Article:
There are several predisposing factors for invasive infections with Candida species as the presence of patient’s immunocompromised conditions [5], physical alteration of the normal barrier such as surgery and overgrowth of Candida species after broad-spectrum antibiotics intake with the reduction of normal bacterial microbiota [6]. Early laboratory diagnosis of Candida invasive infections reduces the mortality rate from 40% to 15% after the start of appropriate antifungal therapy [7].

Several pathogenic virulence factors are encoded by C. albicans genes and assist the fungus to invade the host tissues leading to infections. Among these virulence factors are the capacity of C. albicans to change from the budding yeast form to filamentous form, the expression of adhesion factors, the ability to form biofilm and the secretion of hydrolytic enzymes [8].

In C. albicans, the adhesion and biofilm formation are supposed to be mediated through the hyphal wall protein 1(Hwp1) located on the surface of the hyphae [9]. The gene encoding Hwp1 is part of a core of eight genes induced during filamentation of C. albicans [10]. The adhesion of C. albicans is also mediated by agglutinin-like sequence 1 gene (ALS1) that mediates attachment to endothelial cells. It is also important for hyphal formation as well as adherence [11]. There are two genes with similar sequences and functions, ALS1 and ALS3 [12].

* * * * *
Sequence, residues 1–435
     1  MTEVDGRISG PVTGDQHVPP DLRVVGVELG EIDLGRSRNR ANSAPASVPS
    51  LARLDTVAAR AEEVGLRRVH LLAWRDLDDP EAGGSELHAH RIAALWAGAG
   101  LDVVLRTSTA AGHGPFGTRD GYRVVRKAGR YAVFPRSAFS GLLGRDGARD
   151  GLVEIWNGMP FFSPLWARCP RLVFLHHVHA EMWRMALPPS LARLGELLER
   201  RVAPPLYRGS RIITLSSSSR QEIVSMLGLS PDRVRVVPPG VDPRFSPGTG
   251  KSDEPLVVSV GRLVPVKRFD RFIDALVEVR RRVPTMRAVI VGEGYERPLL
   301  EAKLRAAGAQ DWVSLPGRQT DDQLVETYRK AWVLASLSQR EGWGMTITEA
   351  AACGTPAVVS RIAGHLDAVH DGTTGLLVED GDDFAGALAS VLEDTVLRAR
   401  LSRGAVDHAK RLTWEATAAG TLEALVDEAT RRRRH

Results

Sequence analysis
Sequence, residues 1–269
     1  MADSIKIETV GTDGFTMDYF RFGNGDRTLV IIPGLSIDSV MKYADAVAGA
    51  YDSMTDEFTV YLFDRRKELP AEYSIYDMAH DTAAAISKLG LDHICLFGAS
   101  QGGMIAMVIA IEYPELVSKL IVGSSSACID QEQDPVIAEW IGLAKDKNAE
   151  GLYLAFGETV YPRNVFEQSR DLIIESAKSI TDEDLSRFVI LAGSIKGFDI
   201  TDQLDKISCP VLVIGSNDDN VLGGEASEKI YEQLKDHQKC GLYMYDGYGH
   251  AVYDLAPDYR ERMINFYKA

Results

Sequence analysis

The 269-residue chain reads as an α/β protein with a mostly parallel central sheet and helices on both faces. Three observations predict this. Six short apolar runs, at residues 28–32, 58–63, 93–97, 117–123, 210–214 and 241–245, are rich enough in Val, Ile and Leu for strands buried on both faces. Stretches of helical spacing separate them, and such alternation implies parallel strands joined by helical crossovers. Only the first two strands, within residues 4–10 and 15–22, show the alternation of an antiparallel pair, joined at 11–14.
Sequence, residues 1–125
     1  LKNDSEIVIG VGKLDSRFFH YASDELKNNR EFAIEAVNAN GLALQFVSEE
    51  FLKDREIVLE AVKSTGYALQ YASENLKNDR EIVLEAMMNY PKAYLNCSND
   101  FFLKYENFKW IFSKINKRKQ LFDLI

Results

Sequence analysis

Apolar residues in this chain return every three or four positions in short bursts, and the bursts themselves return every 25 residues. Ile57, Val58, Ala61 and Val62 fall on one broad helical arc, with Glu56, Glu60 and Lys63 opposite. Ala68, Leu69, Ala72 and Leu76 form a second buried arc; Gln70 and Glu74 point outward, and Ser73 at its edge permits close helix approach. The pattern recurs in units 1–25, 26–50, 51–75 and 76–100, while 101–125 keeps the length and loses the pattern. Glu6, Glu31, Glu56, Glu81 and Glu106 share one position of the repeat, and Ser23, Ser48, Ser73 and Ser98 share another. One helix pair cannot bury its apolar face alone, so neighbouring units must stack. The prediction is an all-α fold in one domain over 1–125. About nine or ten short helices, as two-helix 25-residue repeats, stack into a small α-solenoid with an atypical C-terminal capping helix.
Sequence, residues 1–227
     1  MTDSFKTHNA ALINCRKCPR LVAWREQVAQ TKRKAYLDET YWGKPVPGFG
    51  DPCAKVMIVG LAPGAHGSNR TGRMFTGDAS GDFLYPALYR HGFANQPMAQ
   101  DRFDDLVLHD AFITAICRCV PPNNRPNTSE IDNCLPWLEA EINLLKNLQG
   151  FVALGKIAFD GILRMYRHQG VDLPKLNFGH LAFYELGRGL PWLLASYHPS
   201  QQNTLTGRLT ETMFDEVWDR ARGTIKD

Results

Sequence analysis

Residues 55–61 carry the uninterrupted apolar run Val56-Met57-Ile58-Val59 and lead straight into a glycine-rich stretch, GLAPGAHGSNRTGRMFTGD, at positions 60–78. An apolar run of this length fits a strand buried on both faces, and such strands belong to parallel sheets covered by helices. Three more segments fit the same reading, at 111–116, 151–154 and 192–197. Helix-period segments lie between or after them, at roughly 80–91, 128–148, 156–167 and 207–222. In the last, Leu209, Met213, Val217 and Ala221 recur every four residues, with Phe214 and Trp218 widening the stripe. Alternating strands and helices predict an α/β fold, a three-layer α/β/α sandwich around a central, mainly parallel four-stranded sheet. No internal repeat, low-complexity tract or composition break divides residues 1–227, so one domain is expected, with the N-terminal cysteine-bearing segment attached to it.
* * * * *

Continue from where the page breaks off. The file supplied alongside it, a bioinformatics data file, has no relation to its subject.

Additionally, the phospholipases protein 1 (PLB1 p) facilitates the invasion of Candida albicans through gastrointestinal tract leading to systemic infection [13]. Hydrolysis of peptide bonds of the host proteins is mediated by the secreted aspartyl proteinases (Saps), suggested to be involved in the virulence of Candida albicans [14]. The INT1 gene is a virulence factor that contributes to the ability of Candida albicans to adhere to epithelial cells and form hyphae [15, 16].